Advertising
Advertising

Fix Your Android Problems Like A Pro

Fix Your Android Problems Like A Pro

Does your Android smartphone hang all the time and make you feel as if you have been mugged by your device manufacturer? As a matter of fact, many Android users have publicly expressed their frustration with their malfunctioning phone and its unsatisfactory performance and awful battery issues. But the situation may not be entirely the fault of the operating system. There is no doubt that Android is heavily resource oriented and requires higher RAM than other mobile operating systems. However, there are still many ways to optimize your smartphone for better performance and fix your Android problems like a pro. Here’s how.

1. Identify your Android category

Android is an extremely capable and robust operating system, which is what has made it so popular among the smartphone manufacturers. Droids are available across many categories, such as low end, medium end and high end. Naturally the low-end phones won’t be able to compete with high-end phones in terms of performance, but their optimization levels are different.

Advertising

  • Low-end Android. Processor < 1GHz; RAM < 512MB. Requires higher maintenance for better performance. Examples: Samsung Galaxy Ace, HTC Touch.
  • Medium-end Android. Processor < 1GHz Dual core; RAM < 1GB. Requires moderate maintenance for optimal performance. Examples: Samsung Galaxy S Advance, HTC Desire.
  • High-end Android. Processor > 1GHz Quad core; RAM > 1GB. Needs minimal or no maintenance at all. Examples: Samsung Galaxy S5, HTC One V or Sony Xperia Z2.

S advance  S5

    2. Stay on top of application launch delays and unusual phone lag

    Advertising

    Fix Your Android Problems- LifeHack
      • Clean the cache and temporary memory using something like All-In-One Toolbox or Clean Master.
      • Explore the developer options available on Android ICS and above. Limit background processes and do not keep unnecessary activities running (for low-end droid users and those who can work without multitasking).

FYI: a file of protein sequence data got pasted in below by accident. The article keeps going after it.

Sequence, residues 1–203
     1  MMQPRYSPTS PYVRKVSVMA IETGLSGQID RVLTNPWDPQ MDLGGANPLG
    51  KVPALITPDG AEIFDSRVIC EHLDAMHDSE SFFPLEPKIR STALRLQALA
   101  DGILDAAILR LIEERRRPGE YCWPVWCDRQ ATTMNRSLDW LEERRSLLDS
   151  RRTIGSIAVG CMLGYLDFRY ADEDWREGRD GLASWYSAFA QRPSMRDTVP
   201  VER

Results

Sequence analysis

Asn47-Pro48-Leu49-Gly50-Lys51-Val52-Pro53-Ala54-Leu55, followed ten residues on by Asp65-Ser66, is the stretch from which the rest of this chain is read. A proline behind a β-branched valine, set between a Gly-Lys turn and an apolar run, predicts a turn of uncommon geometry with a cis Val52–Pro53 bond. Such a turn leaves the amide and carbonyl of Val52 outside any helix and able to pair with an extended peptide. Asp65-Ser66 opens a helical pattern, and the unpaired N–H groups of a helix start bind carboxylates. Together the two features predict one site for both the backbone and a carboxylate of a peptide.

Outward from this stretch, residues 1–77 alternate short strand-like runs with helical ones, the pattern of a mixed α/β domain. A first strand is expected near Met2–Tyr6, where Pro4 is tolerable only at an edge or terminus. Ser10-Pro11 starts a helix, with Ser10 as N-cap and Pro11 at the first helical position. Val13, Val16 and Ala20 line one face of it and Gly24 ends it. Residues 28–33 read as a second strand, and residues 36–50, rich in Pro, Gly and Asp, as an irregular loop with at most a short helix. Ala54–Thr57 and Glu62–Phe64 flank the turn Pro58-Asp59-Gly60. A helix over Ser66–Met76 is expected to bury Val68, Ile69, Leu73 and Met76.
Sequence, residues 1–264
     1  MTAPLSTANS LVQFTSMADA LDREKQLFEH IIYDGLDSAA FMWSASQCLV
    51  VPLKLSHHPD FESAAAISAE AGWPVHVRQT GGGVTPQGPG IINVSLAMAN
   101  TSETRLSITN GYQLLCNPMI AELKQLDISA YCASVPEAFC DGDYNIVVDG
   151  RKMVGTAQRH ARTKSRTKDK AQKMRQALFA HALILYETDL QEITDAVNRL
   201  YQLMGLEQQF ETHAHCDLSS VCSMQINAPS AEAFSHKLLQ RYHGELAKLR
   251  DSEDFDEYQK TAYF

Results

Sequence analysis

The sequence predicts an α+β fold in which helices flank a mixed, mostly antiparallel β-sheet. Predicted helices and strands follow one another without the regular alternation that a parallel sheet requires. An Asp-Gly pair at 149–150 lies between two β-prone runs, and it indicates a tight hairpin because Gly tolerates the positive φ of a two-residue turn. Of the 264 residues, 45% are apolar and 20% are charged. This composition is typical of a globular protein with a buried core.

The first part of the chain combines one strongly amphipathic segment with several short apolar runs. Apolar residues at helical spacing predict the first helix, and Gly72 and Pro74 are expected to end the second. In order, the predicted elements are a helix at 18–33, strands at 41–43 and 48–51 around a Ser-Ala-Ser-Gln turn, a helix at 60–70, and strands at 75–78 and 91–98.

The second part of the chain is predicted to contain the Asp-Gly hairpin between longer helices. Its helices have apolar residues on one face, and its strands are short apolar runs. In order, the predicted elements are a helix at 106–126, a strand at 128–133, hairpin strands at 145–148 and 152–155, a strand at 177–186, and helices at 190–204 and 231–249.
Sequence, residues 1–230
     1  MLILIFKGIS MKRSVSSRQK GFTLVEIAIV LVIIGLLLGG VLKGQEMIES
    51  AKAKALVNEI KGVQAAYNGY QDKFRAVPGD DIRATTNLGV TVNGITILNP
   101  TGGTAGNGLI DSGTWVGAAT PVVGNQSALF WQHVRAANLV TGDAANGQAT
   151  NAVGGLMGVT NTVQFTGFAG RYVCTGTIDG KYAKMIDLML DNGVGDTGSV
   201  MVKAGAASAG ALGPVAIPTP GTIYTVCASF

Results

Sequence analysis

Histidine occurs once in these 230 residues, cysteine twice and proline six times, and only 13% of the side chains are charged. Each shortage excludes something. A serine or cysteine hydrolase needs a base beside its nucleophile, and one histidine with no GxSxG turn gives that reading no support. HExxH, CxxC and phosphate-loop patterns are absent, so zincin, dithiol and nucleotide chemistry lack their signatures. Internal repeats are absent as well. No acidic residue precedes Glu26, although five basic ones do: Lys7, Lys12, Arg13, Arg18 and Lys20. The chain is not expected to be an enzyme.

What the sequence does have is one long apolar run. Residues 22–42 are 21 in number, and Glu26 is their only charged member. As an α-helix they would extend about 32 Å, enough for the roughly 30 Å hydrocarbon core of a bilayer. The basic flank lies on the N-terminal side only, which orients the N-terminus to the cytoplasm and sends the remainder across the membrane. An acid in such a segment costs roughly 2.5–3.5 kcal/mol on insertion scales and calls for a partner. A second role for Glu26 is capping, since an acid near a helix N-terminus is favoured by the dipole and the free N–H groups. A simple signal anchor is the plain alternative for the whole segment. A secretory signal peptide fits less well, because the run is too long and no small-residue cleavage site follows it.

• Choose between performance or looks. Minimize window animation, transition and animator scales, besides toggling between hardware overlays. Whatever works best for your device.
      • Disable unwanted system applications. Open the application manager and disable unwanted system apps that came pre-installed in the stock phone. For low-end and medium-end Android users, unwanted mobile applications don’t exactly help with the phone’s performance or the battery power consumption either.
      • Let your processor breathe. Remove recent applications that may not be required anymore but that are bugging your RAM.
      • Everybody loves mobile apps. The more the better! But same cannot be said for your smartphone. More apps mean more memory and resource dispersion, which ultimately triggers unwanted launch delays and lag. Hence, it is advisable to be a little selective about the kind, size and, most importantly, the purpose of mobile applications in your phone, especially if you own a low- or medium-end Android device.

      Developer options - Fix Your Android Problems- LifeHack

        3. Save on battery juice

        Modern smartphones usually last a day on a single battery recharge, especially Android phones. Battery juice can be saved with the following tricks and tools. I hope they help your case!

        Advertising

        • Use battery-saving apps. Juice Defender and Easy Battery Saver are some of the most popular Android applications available on the Google Play Store.